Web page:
The Almost Sisters by Joshilyn Jackson _ Book Review

About The Almost Sisters

• Paperback: 384 pages
• Publisher: William Morrow Paperbacks; Reprint edition (May 29, 2018)

With empathy, grace, humor, and piercing insight, the author of gods in Alabama pens a powerful, emotionally resonant novel of the South that confronts the truth about privilege, family, and the distinctions between perception and reality–the stories we tell ourselves about our origins and who we really are.

Superheroes have always been Leia Birch Briggs’ weakness. One tequila-soaked night at a comics convention, the usually level-headed graphic novelist is swept off her barstool by a handsome and anonymous Batman.

It turns out the caped crusader has left her with more than just a nice, fuzzy memory. She’s having a baby boy—an unexpected but not unhappy development in the thirty-eight year-old’s life. But before Leia can break the news of her impending single-motherhood (including the fact that her baby is biracial) to her conventional, Southern family, her step-sister Rachel’s marriage implodes. Worse, she learns her beloved ninety-year-old grandmother, Birchie, is losing her mind, and she’s been hiding her dementia with the help of Wattie, her best friend since girlhood.

Leia returns to Alabama to put her grandmother’s affairs in order, clean out the big Victorian that has been in the Birch family for generations, and tell her family that she’s pregnant. Yet just when Leia thinks she’s got it all under control, she learns that illness is not the only thing Birchie’s been hiding. Tucked in the attic is a dangerous secret with roots that reach all the way back to the Civil War. Its exposure threatens the family’s freedom and future, and it will change everything about how Leia sees herself and her sister, her son and his missing father, and the world she thinks she knows.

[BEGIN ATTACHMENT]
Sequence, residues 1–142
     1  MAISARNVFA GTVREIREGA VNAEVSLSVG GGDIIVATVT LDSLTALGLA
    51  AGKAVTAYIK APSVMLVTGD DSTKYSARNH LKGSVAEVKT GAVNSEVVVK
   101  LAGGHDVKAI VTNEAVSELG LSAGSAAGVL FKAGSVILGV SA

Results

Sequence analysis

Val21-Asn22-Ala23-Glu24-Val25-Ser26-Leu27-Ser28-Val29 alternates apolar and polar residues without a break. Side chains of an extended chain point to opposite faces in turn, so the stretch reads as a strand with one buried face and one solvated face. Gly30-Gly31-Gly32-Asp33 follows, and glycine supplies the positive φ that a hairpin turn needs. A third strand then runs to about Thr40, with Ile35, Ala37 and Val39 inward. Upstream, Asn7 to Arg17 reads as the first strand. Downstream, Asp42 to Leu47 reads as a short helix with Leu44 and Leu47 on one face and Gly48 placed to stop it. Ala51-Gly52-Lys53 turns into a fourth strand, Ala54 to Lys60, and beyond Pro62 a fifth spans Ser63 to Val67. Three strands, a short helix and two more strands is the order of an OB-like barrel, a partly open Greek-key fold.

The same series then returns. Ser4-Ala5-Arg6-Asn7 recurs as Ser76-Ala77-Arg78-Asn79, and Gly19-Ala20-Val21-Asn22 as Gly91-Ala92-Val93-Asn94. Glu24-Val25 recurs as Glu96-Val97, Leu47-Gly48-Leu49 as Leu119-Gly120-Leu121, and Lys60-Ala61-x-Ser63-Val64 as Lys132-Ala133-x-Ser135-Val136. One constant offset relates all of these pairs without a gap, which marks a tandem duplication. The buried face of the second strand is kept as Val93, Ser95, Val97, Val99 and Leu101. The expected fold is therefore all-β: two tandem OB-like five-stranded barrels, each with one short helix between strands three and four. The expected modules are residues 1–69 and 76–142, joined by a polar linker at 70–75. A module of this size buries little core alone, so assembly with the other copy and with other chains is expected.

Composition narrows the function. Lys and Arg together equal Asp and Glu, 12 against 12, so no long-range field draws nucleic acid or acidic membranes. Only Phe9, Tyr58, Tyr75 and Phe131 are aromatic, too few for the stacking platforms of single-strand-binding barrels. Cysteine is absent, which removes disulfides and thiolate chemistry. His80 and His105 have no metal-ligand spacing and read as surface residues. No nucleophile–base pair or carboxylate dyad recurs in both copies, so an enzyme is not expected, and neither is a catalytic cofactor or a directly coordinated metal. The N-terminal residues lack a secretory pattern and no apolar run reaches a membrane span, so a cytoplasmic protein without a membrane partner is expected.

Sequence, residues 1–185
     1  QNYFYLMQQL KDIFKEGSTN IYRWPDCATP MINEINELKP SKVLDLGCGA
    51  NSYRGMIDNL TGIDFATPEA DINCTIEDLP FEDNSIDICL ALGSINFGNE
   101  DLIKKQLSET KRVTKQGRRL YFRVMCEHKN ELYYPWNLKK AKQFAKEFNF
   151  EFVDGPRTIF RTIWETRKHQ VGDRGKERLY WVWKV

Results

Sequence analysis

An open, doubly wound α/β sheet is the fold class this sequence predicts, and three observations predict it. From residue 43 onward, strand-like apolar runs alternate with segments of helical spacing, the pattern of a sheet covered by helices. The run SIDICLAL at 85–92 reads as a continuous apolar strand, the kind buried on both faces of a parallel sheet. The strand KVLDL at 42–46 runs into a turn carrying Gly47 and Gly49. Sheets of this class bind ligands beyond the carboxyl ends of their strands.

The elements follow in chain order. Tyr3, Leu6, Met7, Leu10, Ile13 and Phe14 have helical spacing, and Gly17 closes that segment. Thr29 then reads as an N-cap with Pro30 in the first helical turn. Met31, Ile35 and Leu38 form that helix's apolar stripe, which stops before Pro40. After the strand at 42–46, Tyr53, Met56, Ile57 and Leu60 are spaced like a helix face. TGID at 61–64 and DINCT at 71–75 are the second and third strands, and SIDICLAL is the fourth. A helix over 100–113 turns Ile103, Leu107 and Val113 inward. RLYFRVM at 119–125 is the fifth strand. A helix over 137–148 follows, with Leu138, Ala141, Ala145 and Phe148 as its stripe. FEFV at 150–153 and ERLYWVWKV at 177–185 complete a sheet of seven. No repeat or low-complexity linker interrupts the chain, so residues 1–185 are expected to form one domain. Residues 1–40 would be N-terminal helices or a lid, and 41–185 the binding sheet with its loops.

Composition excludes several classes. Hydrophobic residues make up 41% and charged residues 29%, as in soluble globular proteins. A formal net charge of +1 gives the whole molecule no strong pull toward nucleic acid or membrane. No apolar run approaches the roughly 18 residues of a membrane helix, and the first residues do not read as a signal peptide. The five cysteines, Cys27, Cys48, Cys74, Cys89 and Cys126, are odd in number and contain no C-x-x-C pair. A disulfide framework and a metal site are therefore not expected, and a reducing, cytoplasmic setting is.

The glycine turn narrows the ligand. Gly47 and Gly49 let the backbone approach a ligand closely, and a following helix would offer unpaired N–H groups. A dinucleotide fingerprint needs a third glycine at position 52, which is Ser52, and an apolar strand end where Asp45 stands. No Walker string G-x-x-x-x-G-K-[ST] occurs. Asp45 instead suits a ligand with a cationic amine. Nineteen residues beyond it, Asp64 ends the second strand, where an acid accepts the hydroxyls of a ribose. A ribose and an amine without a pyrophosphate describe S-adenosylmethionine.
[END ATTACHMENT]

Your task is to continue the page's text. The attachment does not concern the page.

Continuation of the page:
Campaign hashtag: #thealmostsisters. Please tag @williammorrowbooks in any post you feature on social media!

Purchase Links

HarperCollins | Amazon | Barnes & Noble

About Joshilyn Jackson

Joshilyn Jackson is the New York Times bestselling author of seven novels, including gods in Alabama and A Grown-Up Kind of Pretty. Her books have been translated into a dozen languages. A former actor, Jackson is also an award-winning audiobook narrator. She lives in Decatur, Georgia, with her husband and their two children.

Connect with her through her website, Facebook, Instagram, or Twitter.

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tlc tour host

[ I recieved a copy of The Almost Sisters from @tlcbooktours for an honest review]

The Almost Sisters is a complex story that involves a geeky comic book artist, an unplanned baby, family secrets, and racism.

The main character Leia , I feel is relateable in so many ways to so many women. Whether it’s first time moms, planned or unplanned, someone who has had to become parent like to older family members. To those who have had to face the realization that maybe the world isn’t as you always thought it was. Leia has one thing after another thrown at her in this book. Her state of unplanned pregnancy, her baby’s father, her step sisters marriage trouble, her nieces sadness, her grandmothers dementia, and secrets hidden in the attic. Somehow she manages to overcome with the help of those around her and her subconscious coming through in her artwork. This book was full of so many strong characters, each as interesting as the next, who all added something to the story. I honestly don’t think I could pick a favorite!

One of my favorite aspects of the book was Leia’s comic book Violence in Violet. It would be a comic I would pick up and read in a heartbeat. I love how she uses it as a way to work through and come to turns with her own issues and feelings.

This is my first Joshilyn Jackson novel and won’t be my last. The Almost Sisters was a powerful story that tackled some heavy subjects but balanced it perfectly with humor and feel good moments.

“You don’t see it but next happens anyways and always. With or without you.”

4of5stars

4.5/5 Stars

One thought on “The Almost Sisters by Joshilyn Jackson _ Book Review

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